Sandeep Rajan Kolli et al. Asian Journal of Pharmaceutical Technology Innovation 02 08 2014 121-127 www.asianpharmtech.com 127 22. Buss WC Savage DD Stepanek J Little SA McGuffee LJ: Effect of calcium channel antagonists on calcium uptake and release by isolated rat cardiac mitochondria. Eur J Pharmacol 1988 152:247-253. PubMed Abstract | Publisher Full Text 23. Rafael J Patzelt J: Binding of diltiazem and verapamil to isolated rat heart mitochondria. Basic Res Cardiol 1987 82:246 251. Pubmed Abstract. 24. Stellpflug SJ Fritzlar SJ Cole JB Engebretsen KM Holger JS: Cardiotoxic overdose treated with intravenous fat emulsion and high-dose insulin in the setting of hypertrophic cardiomyopathy. J Med Toxicol 2011 7:151153. Pubmed Abstract. 25. Stellpflug SJ Harris CR Engebretsen KM Cole JB Holger JS: Intentional overdose with cardiac arrest treated with intravenous fat emulsion and high-dose insulin. Clin Toxicol 2010 48:227-229. Publisher Full Text 26. Kline JA Raymond RM Leonova ED Williams TC Watts JA: Insulin improves heart function and metabolism during non- ischemic cardiogenic shock in awake canines. Cardiovasc Res 1997 34:289-298. PubMed Abstract | Publisher Full Text 27. Farah AE Alousi AA: The actions of insulin on cardiac contractility. Life sci 1981 29:975- 1000. PubMed Abstract | Publisher Full Text 28. Tune JD Mallett RT Downey HF: Insulin improves contractile function during moderate ischemia in canine left ventricle. Am J Physiol 1998 2745 Pt 2:H1574-H1581. PubMed Abstract | Publisher Full Text 29. Holger JS Stellpflug SJ Cole JB Harris CR Engebretsen KM: High-dose insulin: a consecutive case series in toxin-induced cardiogenic shock. Clin Toxicol 2011 49:653-658. Publisher Full Text 30. Boyer EW: 2000 Poisoning Data. Boston: Massachusetts Poison Control Center 2000. 31. Greene SL Gawarammana I Wood DM Jones AL Dargan PI: Relative safety of hyperinsulinaemia/euglycaemia therapy in the management of calcium channel blocker overdose: a prospective observational study. Intensive Care Med 2007 33:2019-2024. PubMed Abstract | Publisher Full Text 32. Levis JT: ECG diagnosis: hypokalemia.PermJ2012 162:57. Pubmed Abstract. 33. Holger JS Engebretsen KM Fritzlar SJ Patten LC Harris CR Flottemesch TJ: Insulin versus vasopressin and epinephrine to treat beat-blocker toxicity.Clin Toxicol 2007 45:396-401. Publisher full text. 34. Vergugge LB van Wezel HB: Pathophysiology of verapamil overdose new insights into the role of insulin. J Cardiothoracic Vasc Anesth 2007 21:406 409. Punlisher full text. 35. Boyer EW Shannon M: Treatment of calcium channel blocker intoxication with insulin infusion. N Eng J Med 2001 344:1721-1722. Publisher Full Text 36. Levine MD Boyer E: Hyperinsulinemia-euglycemia therapy a useful tool in treating calcium channel blocker poisoning. Crit care 2006 10:149. Pubmed Abstract. 37. Herbert J O’Malley C Tracey J Dwyer R Power M: Verapamil overdosage unresponsive to dextrose/insulin therapy. J Toxicol Clin Toxicol 2001 39:293-294. 38. Cole JB Stellpflug SJ Ellsworth H Anderson CP Adams AB Engebretsen KM Holger JS: A blinded randomized controlled trial of three doses of high-dose insulin in poison-induced cardiogenic shock. Clin Toxicol Phila. 2013 51:201-207 . pubmed Abstact . 39. Place R Carlson A Leikin J Hanashiro P: Hyperinsulin therapy in the treatment of verapamil overdose. J Toxicol Clin Toxicol 2000 38:576-577.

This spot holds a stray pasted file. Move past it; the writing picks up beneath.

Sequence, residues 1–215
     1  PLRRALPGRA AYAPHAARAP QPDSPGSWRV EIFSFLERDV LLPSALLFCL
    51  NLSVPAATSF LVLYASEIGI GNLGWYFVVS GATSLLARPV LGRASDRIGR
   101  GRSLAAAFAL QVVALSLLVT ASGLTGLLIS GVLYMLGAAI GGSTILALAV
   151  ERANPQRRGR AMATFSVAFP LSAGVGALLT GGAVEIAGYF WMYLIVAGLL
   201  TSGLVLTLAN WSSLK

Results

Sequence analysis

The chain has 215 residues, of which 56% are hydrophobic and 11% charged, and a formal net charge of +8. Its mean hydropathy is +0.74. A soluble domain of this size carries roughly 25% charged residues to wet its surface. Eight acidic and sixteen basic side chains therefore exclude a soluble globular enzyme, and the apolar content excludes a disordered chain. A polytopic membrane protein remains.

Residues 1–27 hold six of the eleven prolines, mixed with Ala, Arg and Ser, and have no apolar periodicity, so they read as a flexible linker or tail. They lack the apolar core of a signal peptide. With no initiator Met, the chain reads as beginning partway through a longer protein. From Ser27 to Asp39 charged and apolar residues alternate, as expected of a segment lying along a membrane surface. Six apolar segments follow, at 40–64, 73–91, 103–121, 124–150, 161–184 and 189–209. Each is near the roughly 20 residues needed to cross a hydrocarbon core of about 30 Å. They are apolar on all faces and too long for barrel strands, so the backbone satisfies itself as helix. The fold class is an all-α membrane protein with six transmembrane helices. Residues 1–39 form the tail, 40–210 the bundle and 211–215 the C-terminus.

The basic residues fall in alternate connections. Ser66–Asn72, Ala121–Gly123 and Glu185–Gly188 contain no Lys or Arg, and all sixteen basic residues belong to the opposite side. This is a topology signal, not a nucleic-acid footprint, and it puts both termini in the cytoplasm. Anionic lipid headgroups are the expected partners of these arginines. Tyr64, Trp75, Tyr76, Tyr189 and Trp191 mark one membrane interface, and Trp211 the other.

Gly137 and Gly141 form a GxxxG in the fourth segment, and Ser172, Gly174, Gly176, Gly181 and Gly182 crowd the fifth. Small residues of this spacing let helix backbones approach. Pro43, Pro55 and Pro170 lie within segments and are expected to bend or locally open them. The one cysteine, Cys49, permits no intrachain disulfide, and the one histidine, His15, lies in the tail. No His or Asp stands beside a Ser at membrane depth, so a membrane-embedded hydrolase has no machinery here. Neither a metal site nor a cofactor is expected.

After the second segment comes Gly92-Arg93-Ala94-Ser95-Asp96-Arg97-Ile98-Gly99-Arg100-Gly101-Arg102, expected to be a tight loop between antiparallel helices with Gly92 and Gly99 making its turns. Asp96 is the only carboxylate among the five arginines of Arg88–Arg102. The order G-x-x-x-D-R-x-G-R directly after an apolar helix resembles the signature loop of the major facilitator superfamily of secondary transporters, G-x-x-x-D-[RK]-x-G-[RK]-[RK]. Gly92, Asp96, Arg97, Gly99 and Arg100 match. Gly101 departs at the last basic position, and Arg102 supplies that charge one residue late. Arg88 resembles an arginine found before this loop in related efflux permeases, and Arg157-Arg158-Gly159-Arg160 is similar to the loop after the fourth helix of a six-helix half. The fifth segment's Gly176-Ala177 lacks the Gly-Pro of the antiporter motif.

authorStream Live Help